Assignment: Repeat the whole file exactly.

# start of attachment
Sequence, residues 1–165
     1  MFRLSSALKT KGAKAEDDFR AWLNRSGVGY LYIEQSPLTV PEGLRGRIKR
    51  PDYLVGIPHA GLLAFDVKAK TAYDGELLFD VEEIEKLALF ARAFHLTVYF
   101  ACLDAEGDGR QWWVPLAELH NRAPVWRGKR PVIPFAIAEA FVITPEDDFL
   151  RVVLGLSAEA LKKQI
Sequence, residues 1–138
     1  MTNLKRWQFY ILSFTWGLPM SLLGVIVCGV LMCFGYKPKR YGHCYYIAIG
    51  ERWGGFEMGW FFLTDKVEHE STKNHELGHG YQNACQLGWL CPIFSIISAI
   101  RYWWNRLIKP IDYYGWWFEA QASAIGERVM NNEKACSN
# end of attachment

Sequence, residues 1–165
     1  MFRLSSALKT KGAKAEDDFR AWLNRSGVGY LYIEQSPLTV PEGLRGRIKR
    51  PDYLVGIPHA GLLAFDVKAK TAYDGELLFD VEEIEKLALF ARAFHLTVYF
   101  ACLDAEGDGR QWWVPLAELH NRAPVWRGKR PVIPFAIAEA FVITPEDDFL
   151  RVVLGLSAEA LKKQI
Sequence, residues 1–138
     1  MTNLKRWQFY ILSFTWGLPM SLLGVIVCGV LMCFGYKPKR YGHCYYIAIG
    51  ERWGGFEMGW FFLTDKVEHE STKNHELGHG YQNACQLGWL CPIFSIISAI
   101  RYWWNRLIKP IDYYGWWFEA QASAIGERVM NNEKACSN